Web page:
Doctors told Rotorua man Matthew Keogan to “let nature take its course” and then say goodbye to his family.
Two days later on November 1, 2021, he was writing his will at his hospital bedside with lawyers.
He had been given three to six months to live.
“You sort of think of cancer as a death sentence. Once you’ve got cancer you’re gone,” Keogan said.
But his oncologist suggested he try Pembrolizumab, known by the brand name Keytruda, a non-funded cancer immunotherapy medicine.
The result has been miraculous.
With the help of his medical insurance, Keogan, 51, has had 24 Keytruda infusions over the past two years costing more than $113,000. Each early round of Keytruda costs $9745.10. From the 10th round, each infusion cost $1700.
Keogan’s most recent infusion was last week and on Tuesday doctors said his scans were mostly clear of cancer cells.
He remains in remission and hopes his oncologist will today tell him that 2024 will be a treatment-free year.
One year and 10 months later, Keogan feels he has “beaten the odds” with cancer.
Bowel cancer had taught him “not to be complacent in life or with your health. Don’t take life for granted.
“Since then, I just take each day as a good day.”
Keogan said he was “lucky” he had medical insurance cover most of the Keytruda cost. Just months before his first diagnosis, he had considered cancelling his medical insurance due to rising inflation costs.
Bowel cancer remains New Zealand’s second-biggest cancer death and Pharmac has funded no new bowel cancer drugs in more than 20 years.
Bowel Cancer New Zealand said current figures suggest about 3400 people are diagnosed each year and about 1300 people die from the cancer each year. It said this was about the equivalent of breast and prostate deaths combined.
Keogan said he felt something was “not right” in 2020 and by June 2021 he went to his doctor for a check-up.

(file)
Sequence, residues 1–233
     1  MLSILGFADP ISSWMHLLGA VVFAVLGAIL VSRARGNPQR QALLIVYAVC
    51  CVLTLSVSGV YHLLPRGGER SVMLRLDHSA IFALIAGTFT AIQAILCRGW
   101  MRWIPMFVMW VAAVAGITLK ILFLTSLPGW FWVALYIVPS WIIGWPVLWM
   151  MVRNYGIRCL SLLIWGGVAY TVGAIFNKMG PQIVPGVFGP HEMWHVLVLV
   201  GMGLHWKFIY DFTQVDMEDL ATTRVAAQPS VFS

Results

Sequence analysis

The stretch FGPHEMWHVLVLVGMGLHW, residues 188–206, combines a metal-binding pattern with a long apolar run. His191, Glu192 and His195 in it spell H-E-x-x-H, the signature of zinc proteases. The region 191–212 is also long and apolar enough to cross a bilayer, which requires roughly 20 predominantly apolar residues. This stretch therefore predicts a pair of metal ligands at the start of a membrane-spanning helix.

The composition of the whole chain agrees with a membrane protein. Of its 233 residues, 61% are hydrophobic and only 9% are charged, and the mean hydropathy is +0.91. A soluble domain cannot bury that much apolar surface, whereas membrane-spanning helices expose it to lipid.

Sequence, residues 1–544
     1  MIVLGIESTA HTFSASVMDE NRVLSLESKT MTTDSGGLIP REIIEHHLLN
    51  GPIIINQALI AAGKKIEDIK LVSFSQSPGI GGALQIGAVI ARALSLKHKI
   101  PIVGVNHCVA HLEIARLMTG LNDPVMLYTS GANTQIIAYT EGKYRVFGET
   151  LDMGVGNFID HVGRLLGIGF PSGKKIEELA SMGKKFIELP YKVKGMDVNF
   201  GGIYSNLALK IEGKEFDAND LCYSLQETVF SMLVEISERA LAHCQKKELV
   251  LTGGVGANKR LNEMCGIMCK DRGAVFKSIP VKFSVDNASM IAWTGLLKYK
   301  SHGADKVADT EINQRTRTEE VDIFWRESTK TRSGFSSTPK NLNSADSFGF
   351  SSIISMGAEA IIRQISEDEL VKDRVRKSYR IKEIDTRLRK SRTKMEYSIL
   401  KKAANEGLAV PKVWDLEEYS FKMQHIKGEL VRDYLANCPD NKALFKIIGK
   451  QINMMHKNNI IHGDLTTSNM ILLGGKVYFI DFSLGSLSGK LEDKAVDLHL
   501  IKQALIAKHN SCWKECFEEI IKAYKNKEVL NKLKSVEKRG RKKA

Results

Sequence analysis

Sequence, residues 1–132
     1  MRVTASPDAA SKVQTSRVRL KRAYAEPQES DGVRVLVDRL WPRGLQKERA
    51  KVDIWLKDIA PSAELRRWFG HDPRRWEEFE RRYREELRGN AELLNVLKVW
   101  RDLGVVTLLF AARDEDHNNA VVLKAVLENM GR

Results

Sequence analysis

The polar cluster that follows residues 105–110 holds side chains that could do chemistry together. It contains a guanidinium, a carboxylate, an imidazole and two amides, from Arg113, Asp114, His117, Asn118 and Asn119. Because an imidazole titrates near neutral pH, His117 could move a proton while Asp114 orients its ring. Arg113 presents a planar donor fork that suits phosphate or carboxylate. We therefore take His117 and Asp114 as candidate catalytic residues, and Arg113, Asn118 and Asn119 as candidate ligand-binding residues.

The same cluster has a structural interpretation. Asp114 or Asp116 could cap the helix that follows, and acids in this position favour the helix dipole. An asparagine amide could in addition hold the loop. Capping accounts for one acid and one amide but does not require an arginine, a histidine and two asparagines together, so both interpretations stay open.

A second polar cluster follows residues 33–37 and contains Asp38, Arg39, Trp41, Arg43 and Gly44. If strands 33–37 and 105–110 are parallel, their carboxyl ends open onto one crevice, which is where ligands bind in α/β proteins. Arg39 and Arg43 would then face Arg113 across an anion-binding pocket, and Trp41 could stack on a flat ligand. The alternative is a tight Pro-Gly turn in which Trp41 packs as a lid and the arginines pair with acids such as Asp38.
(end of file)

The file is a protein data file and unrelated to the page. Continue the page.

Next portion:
Blood tests showed he was low on B12 and Keogan received a round of B12 injections.
But by October 15, 2021, he was still not feeling right.
“I just knew. I was fatigued, I couldn’t get out of bed some mornings, [had] brain fog, I’d forget things, I was just really lethargic and not right.”
He visited a second doctor for another opinion who referred him for an endoscopy and a colonoscopy the same day. A small tumour at the end of Keogan’s bowel and a spot on his liver were found.
Keogan was diagnosed with stage four bowel cancer and given 18 months to live.
He said the diagnosis left him in utter disbelief.
“I read it on the bit of paper and was thinking am I really reading what I’m reading? It brings you back down to reality.”
Keogan has four children aged from 13 to 25. His wife and he sat down to tell them the news.
“We had to be honest. We couldn’t beat around the bush with them. They were upset but they dealt with it.”
He was booked in for surgery to remove the tumour and prepared to undergo two rounds of chemotherapy later that year.
Two weeks later on October 30, Keogan said he was feeling “crook” and could not eat or use the toilet. He also recalled having “really bad abdominal pains”.
An emergency ultrasound at Rotorua Hospital showed he had a blocked bowel.
“This thing had just grown so fast,” Keogan said.
“They admitted me to hospital and two days later I was in surgery.”
On November 1, surgeons removed part of his bowel, but the cancer had already grown outside of his bowel wall and was “entangled around blood vessels”, said Keogan.
To remove the tumour would have killed him. Doctors did not give Keogan long to live. “They couldn’t give me a figure but they said it was pretty much a bad terminal diagnosis.”
He recalls their predictions may have been that he had about three months to live.
Keogan was told to “let nature take its course”, say goodbye to family and get his affairs in order.
“Two days later I was doing my will at my bedside in hospital. I had the lawyers come in to do my will.”
He said the worst part was knowing there were other options available besides chemotherapy but they were non-funded. Keytruda is currently funded by Pharmac for certain patients with melanoma and non-small cell lung cancer.